In lieu of Leone Ross, who unfortunately couldn’t make it to Grrrl Con, For Book’s Sake founder Jane Bradley steps in for an hour on how to write good sex scenes. We’re all familiar with the Bad Sex Awards – and if you aren’t, go read more about them, they’re magnificent – and as a writer, you want to make sure you’re steering clear of the cornerstones of bad sex writing.
Some quick take aways:
- Ask: Why are they actually having sex?
- Inject some truth and emotion in the scene too
- There’s always magic in the first draft – just try to keep it as you edit
“Writing about sex is like writing about anything.”
“Emotion and authenticity are as important as what goes where,” explains Jane, before asking everyone to do a simple task: write about two people kissing. Everyone does, swaps their piece, gets feedback, and then chats about how they found the process, anything that surprised them, and what can be taken from this. Then there’s a few real examples – some subtle, some not quite so subtle, good and not so good.
“Rhythm is important but very hard to do,” she explains. One tip from the Write Like A Grrrl course is to go through each sense, have a column for each and plan. You don’t need to use every sense, but it’s nice to consider as you’re writing.
Then ask: why are they actually having sex? Is it literary fiction, or erotica? “Writing about sex is like writing about anything” – make your reader engage with what you’re writing and it will have the most impact. Put it in the context of what you’re writing.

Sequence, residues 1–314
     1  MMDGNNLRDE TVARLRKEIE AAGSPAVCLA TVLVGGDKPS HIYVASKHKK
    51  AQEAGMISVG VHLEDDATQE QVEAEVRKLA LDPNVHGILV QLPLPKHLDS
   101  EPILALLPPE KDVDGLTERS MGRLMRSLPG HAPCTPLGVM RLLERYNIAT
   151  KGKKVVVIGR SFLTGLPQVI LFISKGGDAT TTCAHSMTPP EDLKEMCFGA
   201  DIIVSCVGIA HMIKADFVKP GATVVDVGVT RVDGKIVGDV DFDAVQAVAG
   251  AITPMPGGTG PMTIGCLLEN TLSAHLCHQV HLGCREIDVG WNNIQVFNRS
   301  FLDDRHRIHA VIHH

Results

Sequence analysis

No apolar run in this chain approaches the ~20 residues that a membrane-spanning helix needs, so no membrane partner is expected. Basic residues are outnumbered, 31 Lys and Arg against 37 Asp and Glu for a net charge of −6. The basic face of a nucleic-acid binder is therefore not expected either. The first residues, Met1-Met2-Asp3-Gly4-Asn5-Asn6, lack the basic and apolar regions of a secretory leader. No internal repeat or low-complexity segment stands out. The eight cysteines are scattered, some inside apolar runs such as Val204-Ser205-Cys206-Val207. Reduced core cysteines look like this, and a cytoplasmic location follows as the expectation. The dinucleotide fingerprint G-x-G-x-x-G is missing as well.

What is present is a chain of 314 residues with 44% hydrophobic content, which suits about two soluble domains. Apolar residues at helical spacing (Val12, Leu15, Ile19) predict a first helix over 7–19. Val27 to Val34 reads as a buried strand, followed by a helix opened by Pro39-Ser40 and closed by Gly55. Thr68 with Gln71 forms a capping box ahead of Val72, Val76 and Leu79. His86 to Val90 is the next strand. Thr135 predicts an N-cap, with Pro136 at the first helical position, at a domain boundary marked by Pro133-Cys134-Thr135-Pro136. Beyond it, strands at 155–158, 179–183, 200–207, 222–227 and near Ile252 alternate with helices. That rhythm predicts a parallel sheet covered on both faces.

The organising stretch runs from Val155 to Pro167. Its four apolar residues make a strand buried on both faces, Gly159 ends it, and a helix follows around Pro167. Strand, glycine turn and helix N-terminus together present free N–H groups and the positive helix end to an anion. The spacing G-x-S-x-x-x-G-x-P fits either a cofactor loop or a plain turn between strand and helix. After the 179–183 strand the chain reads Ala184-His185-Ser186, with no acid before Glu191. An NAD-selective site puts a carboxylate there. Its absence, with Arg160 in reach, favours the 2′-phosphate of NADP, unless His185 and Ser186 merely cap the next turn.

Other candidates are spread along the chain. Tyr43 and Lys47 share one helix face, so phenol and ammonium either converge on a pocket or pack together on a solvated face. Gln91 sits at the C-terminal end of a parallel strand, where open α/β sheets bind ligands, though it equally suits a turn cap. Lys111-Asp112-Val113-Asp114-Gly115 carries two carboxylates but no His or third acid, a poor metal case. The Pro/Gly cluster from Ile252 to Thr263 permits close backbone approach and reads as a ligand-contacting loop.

Write the truth – is there laughter? Have real moments. Sex is revealing, so show a sense of vulnerability – if a character doesn’t show vulnerability, then that says volumes about their character.
“My vagina is not an orchid.”
Looking at some examples, language comes up. The floral, flowery name for women in sex scenes is raised as a cliché, with “my vagina is not an orchid” being the finest quote on writing in this field you’re likely to hear. Beyond the terminology, the most effective sex scenes have a level of emotion in them – show don’t tell – what does a feeling mentioned actually feel like? How does it manifest itself?
A quick overview of dos and don’ts:
- Give yourself permission to notice the erotic/romantic in your own life
- Remember crap lovers can create great erotic/romantic writing too
- Ground your writing in the character
- Remember it’s got to have a function
- Avoid cliché
Get it all out on the page. “There’s a lot of magic in the first draft,” says Jane. “The skill of editing is keeping the magic and refining it.”